My Experience Applying for the USAA Cadet Loan

I first heard about the loan in 2008, as a sophomore in Air Force ROTC. The seniors were approaching their graduation and commissioning and were talking about the cars they were going to buy with “this awesome military-only loan from USAA.” I was excited. I had dreams of an awesome spring break vacation, maybe a summer trip to Europe, and buying a BMW before I reported to my first assignment.

In November 2008 I applied for and was approved for the loan. It was pretty exciting seeing $25,000 sitting in my checking account. I didn’t know what I wanted to do with the money just yet, so I let it sit in there until January 2, 2009.

After discussing what to do with the loan with a Charles Schwab financial advisor and well as my father, I decided I would invest $15,000 of it into the stock market and $10,000 into a CD ladder. At the time, the stock market was crashing and CD rates were 4-5% for all ages of maturation.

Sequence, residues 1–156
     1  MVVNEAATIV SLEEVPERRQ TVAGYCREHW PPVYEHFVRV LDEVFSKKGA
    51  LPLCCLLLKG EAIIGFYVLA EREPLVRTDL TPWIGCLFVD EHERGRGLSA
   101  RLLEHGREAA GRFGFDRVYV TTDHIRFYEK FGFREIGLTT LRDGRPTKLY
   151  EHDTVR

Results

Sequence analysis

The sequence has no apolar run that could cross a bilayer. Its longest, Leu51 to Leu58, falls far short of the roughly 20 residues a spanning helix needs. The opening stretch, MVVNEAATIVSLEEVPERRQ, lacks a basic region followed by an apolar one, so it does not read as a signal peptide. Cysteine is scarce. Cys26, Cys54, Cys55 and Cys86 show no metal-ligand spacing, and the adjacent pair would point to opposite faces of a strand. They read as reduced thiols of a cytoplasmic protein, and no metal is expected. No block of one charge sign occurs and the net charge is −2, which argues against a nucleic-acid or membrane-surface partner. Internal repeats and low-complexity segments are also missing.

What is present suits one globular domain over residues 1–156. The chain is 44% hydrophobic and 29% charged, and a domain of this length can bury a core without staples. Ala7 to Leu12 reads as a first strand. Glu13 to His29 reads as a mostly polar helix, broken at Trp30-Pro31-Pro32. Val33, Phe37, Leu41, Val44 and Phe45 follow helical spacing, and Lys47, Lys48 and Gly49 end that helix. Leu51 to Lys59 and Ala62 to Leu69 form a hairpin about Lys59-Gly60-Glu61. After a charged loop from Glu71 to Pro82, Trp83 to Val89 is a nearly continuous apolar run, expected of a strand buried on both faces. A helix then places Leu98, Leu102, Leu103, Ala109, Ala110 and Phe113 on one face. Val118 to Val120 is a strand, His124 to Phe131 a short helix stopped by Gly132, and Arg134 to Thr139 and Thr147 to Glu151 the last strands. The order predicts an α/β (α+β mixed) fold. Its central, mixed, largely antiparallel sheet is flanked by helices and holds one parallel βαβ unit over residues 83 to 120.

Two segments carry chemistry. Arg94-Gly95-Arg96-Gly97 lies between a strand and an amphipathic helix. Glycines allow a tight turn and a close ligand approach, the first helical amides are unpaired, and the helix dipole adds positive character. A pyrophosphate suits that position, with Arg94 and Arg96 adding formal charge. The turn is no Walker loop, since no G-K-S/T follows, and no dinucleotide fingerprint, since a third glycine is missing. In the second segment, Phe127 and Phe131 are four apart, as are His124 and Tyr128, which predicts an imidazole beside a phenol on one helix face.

While I don’t believe in timing the market, I actually entered at a pretty good time. I let the money grow until my graduation in 2010. I sold my shares and used the proceeds to pay off one of my student loans which was at 6.8% interest. The $10,000 CD ladder I kept and used as the basis for my emergency fund as I entered active duty. (More details here.)

Now, almost 4 years after taking out the loan, I’ve finally paid it down to under $10,000. I should have the remainder paid off by Dec 31, 2013, almost 2 full years early, saving me hundreds in interest.


How to Smartly Use the USAA Commissioning Loan

There are many smart ways to maximize your mileage from the loan. If I was doing it again, here’s how I’d approach it:

1) If you have any consumer debt (credit cards, auto loans, etc) with a higher interest rate than 2.99%, take as much of the loan as you need to pay down that debt. Besides getting you a lower interest rate, it may get you a lower minimum monthly payment as well, because it will be spread over 5 years. This goes especially for ROTC students or officer candidates who have student loan debt. Get Sallie Mae or Direct Ed off your back and lock in a low rate with USAA. Student loans are usually paid back in 10 years, so by taking the USAA loan you’ll force yourself to pay them back in just 5 years, getting you debt free faster.